The Republic was proclaimed on September 4, 1870 in Paris, and General Louis Trochu became President of the Government of national defence. On September 20, 1870, Paris was besieged by the Germans and capitulated on 28 January 1871.
The Assembly, withdrawn to Bordeaux, met on 12 February and delegated the "executive power of the French Republic" to Adolphe Thiers. A law of 31 August 1871 gave him the title of President of the French Republic.
He resigned on 24 May 1873 and was replaced by Marshal Patrice de Mac Mahon, elected by the monarchist majority in the Assembly. An attempt to restore monarchy failed in October 1873 by the intransigence of the Count of Chambord on the flag issue. The constitutional laws were then passed in January and February 1875. Marshal de Mac Mahon withdrew on January 30, 1879.
These first two presidents had no specific ensigns. Indeed, in the Manuel du matelot timonier published by Tumaine in 1874 we find the following :
"The ship mounted by the Head of State flies the national ensign at the mainmast. Any other distinguishing mark is then retracted. The boat mounted by the Head of State carries the national ensign at the front and at the stern. This ensign is silk in the national colours."
In the text it should be noted that it is about "Head of State" instead of "President of the Republic." In addition the flag on a boat was silk while that of the Minister of the Navy mentioned later in this book was in the national colours in ordinary fabric.
On 30 January 1879 the "republican" Jules Grévy became president but resigned on December 2, 1887. We then find the following in the Manuel du matelot timonier (1881 edition) :
"The ship mounted by the Head of State bears the mainmast square ensign in the national colours. Any other identifying mark is then brought. The boat mounted by the Head of State carries the national ensign at the front and at the stern. This ensign is silk in the national colours. "
The special ensign appeared for the first time with the decree of May 20, 1885 which stated: "The ship mounted by the President of the Republic bears the mainmast square ensign with the national colours, in the centre of which its initials are gold-embroidered. Any other identifying mark is then retracted. The boat mounted by the President of the Republic has the same flag at the front and the national ensign at the stern."
NB: the form of the initials of Jules Grévy was not found to date.
Jules Grévy’s successor, Sadi Carnot, was elected on December 3, 1887, and was assassinated by an Italian anarchist on June 24, 1895. Regarding his flag, Manuel du matelot timonier (1893 edition) repeats the words of May 30, 1885 decree but contains no marks of design in use at that time. On the other hand, the Album des Pavillons of the 1889 Service hydrographique de la Marine on sheet 1 gives the ensign for the President in national colours loaded in the centre of a simple letter C gold. Its proportions were 1 x 1.17 with a ratio of strips of 0.30, 0.33, 0.37.
President Casimir Perrier, elected on June 27, 1894, resigned on 16 January, 1895. His initials appear intertwined in a correction of the aforementioned Album des Pavillons.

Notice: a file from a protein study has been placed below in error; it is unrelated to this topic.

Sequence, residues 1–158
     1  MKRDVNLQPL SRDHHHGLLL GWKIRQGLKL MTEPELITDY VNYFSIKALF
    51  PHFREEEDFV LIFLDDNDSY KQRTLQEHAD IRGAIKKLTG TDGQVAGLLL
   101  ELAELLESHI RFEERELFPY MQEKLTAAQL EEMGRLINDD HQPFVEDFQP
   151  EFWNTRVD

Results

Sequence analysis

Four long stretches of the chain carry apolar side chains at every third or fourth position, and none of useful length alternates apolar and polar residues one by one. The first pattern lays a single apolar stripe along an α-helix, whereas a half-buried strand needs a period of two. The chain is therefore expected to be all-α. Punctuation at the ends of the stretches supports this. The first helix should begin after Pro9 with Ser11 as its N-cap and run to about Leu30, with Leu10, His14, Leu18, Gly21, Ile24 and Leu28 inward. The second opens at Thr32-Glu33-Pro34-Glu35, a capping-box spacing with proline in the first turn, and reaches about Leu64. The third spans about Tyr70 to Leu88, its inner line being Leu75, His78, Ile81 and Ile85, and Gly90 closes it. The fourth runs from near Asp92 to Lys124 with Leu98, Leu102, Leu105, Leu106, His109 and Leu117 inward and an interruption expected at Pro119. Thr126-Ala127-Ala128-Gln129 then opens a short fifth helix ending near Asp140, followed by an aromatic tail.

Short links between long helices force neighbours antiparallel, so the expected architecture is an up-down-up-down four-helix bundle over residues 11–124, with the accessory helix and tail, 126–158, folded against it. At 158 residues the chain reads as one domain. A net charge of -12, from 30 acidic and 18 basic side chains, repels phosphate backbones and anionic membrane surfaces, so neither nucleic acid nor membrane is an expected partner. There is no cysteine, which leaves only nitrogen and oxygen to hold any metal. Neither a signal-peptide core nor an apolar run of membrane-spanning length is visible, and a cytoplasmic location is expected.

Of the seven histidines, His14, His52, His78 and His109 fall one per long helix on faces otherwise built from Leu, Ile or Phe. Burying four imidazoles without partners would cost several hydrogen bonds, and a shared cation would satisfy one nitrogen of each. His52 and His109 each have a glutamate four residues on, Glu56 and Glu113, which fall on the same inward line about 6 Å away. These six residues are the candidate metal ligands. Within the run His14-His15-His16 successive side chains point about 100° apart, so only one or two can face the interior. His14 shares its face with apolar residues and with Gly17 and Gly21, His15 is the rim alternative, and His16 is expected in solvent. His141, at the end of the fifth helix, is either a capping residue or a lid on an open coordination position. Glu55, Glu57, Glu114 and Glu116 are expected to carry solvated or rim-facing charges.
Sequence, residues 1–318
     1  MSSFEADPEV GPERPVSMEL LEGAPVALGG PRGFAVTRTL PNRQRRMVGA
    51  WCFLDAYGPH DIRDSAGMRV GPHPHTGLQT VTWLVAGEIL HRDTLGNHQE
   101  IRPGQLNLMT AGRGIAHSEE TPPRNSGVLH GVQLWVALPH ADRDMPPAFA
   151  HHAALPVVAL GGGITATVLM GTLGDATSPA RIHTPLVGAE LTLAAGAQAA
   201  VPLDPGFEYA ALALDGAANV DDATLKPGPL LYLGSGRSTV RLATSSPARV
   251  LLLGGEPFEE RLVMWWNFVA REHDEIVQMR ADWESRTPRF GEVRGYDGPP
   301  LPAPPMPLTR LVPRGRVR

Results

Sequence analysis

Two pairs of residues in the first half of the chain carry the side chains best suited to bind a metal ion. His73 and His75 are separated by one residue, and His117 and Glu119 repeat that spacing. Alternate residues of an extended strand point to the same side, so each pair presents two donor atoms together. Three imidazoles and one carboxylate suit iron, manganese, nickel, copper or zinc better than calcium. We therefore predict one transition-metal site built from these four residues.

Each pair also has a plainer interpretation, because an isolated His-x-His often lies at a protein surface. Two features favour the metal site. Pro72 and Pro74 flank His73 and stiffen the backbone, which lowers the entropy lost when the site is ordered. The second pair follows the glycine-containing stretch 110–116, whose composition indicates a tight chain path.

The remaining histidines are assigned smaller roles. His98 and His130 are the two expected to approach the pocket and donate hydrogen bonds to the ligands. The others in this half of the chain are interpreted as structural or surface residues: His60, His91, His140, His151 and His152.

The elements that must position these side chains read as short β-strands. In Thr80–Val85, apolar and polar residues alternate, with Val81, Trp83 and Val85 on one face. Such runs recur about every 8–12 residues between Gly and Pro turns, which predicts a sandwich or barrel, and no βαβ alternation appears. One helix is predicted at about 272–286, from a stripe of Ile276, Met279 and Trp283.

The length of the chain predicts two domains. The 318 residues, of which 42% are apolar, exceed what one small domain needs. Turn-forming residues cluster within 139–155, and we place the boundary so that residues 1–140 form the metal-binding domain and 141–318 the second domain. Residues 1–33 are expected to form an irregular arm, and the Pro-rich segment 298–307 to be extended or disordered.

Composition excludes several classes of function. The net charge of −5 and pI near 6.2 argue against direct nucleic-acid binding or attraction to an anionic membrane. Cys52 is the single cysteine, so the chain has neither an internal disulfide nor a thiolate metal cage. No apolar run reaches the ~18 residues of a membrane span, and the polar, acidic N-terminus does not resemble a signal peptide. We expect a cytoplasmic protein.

President Felix Faure succeeded him on the same day and died on February 16, 1899. His ensign bore both "F" curiously crossed.
Emile Loubet who was elected on February 18, 1899 ended his seven-year period on February 18, 1906, and Armand Fallières who was elected on that very day ended it on 15 February, 1913. Their sea flags bore the initials placed one near the other.
Raymond Poincaré was elected on February 17, 1913 and ended his term on February 17, 1920. His ensign also wore his initials near each other. In the other hand, he owned a car flag where they were intertwined. This flag had the flagpole topped with a copper tip and decorated with a tricolour tie.
His incapacitated successor, Paul Deschanel, was dismissed on September 23, 1920. His initials were also placed one near the other.
He was replaced by Alexandre Millerand who had to resign on June 11, 1924 under the pressure of the "Cartel des Gauches". The initials of his flag were intertwined.
Gaston Doumergue who was elected on June 13, 1924 ended his term on June 13, 1931. He was replaced by Paul Doumer on that very day. The latter was assassinated by a Russian refugee on 6 May, 1932. Their initials were placed one near the other. The Album des Pavillons of the Service hydrographique de la Marine published in 1923 provides for these presidents’ ensigns proportions the values 1 x 1 with the ratio of strips of 0.30, 0.33, 0.37.
Albert Lebrun who was elected on May 10, 1932and re-elected in 1939 withdrew on July 13, 1940, giving way to Marshal Petain. His ensign bore his initials placed one near the other while they were interlaced on his car flag. The latter was especially used during the visit of British sovereigns in Paris in July 1938. With him the Third Republic sank and the French State of the Vichy government succeeded him.
General Philippe Pétain formed a government on June 17after Paul Reynaud’s resignation and gave a message asking for an armistice. The National Assembly met in Vichy gave him the constituent power on 11 July. By an act of July 11, Marshal Petain repealed the Republic and proclaimed himself the head of the French State.
The ensign of chief of State used at sea and raised at the mainmast of the ship which was carrying it was square and in the white of the tricolour it wore the ax (unofficial national emblem) surmounting seven gold stars (Album des Pavillons of the Service hydrographique de la Marine, patch No. 15 of July 1942). However the ensign located at the front of the Marshal's launch during his visit to the Toulon harbour fleet in November 1940, had 1,15m x 1,30m for dimensions.